Integrated and cross-channel TV attribution

The second approach is to integrate the potential TV advertising touchpoints at the user level into the analysis of the user journey and into the attribution modeling. This approach enables the success of TV advertising to be assessed in a holistic, cross-channel context. Through the calculations described above, we know for every user who visits the advertiser's website how high the probability is that this can be attributed to the TV ad being watched.

Referring to the above example from Table 2, let's assume that a user visited the website at 3:03 pm. There is a 45% probability that the visit can be traced back to spot A and a 40% probability to spot B. These two TV advertisements are integrated into the user journey of this user. If that user had another paid search click, added something to the shopping cart, and then bought the product right after clicking on a retargeting campaign, their specific user journey would look like this:

 

 

 

 

 

 

 

 

User journey with two potential and weighted TV ad views

The integration of TV spot touchpoints in the user journey analysis provides insights into which other marketing touchpoints are part of the customer journey that can be influenced by TV campaigns. For example, it is possible to understand in which areas the expenditure for digital marketing campaigns has to be increased so that the traffic of a certain television station results in conversions. Adtriba customers make it possible to analyze the interaction of TV advertising and digital marketing channels on the user journey and detailed level.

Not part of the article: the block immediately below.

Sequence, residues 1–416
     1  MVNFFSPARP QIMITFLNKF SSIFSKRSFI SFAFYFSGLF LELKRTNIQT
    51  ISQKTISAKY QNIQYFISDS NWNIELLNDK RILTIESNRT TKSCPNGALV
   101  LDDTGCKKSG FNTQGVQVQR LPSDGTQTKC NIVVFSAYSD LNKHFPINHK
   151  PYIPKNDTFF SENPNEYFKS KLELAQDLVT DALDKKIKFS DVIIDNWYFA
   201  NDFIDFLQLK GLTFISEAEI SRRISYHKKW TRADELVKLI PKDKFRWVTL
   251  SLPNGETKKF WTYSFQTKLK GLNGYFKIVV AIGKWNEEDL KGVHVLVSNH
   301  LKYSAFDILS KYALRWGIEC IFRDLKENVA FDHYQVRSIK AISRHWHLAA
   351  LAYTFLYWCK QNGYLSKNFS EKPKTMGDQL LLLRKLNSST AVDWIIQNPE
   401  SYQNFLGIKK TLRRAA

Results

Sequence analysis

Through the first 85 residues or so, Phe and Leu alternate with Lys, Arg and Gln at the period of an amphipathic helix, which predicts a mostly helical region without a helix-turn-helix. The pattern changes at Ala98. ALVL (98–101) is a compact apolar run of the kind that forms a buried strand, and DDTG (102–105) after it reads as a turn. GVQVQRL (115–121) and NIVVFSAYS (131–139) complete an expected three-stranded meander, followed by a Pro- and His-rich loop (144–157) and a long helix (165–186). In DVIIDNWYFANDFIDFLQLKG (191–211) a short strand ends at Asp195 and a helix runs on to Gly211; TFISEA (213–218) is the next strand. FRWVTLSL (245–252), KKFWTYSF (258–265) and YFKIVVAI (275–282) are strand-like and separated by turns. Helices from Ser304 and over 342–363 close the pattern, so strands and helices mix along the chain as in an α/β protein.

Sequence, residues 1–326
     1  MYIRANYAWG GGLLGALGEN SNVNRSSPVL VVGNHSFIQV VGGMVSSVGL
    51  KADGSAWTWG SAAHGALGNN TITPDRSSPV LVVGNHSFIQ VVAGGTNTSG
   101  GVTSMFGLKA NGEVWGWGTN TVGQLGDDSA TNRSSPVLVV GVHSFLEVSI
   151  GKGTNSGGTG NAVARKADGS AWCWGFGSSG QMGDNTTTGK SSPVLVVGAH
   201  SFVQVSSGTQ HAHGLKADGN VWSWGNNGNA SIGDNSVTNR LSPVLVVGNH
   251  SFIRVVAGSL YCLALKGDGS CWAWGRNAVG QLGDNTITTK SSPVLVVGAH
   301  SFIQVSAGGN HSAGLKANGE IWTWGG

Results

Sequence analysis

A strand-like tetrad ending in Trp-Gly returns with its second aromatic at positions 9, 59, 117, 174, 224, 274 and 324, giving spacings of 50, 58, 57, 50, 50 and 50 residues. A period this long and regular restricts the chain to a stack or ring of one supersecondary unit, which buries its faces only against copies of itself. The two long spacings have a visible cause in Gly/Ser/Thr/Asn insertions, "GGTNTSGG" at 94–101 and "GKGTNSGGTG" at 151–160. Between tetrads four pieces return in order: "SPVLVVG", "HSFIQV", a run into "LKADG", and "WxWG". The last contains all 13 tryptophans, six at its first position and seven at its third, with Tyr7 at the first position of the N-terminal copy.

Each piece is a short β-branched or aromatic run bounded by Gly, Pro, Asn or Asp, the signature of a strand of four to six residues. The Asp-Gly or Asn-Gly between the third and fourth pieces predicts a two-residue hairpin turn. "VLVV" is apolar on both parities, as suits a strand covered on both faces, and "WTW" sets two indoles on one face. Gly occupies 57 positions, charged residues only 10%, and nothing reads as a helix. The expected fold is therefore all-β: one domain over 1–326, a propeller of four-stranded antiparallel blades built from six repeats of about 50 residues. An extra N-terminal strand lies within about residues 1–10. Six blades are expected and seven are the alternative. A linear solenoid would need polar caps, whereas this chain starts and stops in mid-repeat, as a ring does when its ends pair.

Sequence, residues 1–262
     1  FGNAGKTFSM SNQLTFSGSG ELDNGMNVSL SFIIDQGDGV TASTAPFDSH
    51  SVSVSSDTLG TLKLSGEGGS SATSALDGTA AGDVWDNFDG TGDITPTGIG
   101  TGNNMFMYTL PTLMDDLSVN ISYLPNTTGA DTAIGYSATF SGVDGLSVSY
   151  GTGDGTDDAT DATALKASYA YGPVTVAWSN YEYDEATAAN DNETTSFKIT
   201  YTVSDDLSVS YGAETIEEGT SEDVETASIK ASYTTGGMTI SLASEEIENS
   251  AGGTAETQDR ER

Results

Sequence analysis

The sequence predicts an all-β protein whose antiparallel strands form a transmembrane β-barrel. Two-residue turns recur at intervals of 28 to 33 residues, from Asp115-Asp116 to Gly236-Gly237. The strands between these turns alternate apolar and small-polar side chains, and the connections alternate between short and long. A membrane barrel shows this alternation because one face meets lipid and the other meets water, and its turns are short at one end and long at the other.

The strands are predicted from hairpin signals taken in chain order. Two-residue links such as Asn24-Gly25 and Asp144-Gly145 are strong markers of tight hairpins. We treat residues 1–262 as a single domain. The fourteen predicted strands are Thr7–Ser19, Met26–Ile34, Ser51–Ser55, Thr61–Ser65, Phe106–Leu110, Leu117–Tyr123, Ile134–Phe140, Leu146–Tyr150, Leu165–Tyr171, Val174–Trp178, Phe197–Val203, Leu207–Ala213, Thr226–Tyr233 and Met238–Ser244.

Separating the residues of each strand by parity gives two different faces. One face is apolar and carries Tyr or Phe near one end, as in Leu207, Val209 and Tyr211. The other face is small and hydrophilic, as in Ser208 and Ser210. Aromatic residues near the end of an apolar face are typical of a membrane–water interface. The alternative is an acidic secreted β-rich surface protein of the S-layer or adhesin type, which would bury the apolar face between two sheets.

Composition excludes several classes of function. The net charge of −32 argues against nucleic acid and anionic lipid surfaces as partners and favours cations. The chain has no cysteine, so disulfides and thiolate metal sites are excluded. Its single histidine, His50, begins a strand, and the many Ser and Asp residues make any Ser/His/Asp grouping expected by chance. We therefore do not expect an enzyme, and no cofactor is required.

The combination of User Level TV Attribution with CLV Attribution is particularly interesting for advertisers. In this way, not only the influence of TV spots on first orders, but also on all subsequent ones, i.e. the customer lifetime value, can be assessed. An example: Let us assume that a television station has so far successfully attracted first-time buyers, but not users who buy repeatedly. With the help of CLV Attribution, however, its competitive position improves compared to a TV broadcaster that attracts fewer new customers, but generates higher CLVs through better acquisition of repeat buyers. Only CLV-based TV attribution enables holistic performance optimization of TV ads.

The following diagrams from the Adtriba dashboard are examples of the type of analysis that this integrated approach makes possible:

Adtriba Performance Report including TV as a channel in comparison with other marketing channels

Adtriba Customer Journey Analysis: User Journeys with a TV Ad View as the first interaction

Adtriba Funnel Analysis: In which part of the customer journey TV ad views take place

Adtriba offers two options for analyzing the performance of a TV advertising campaign; the isolated and integrated TV attribution. In principle, the integrated approach should be preferred. In particular for comparison with existing tools or with what TV agencies or broadcasters enable, we also offer the isolated perspective.


Would you like to learn more about how Adtriba integrates TV advertising into user journey modeling? Then we look forward to hearing from you at: [email protected] You are also welcome to book a demo in which we will answer your questions: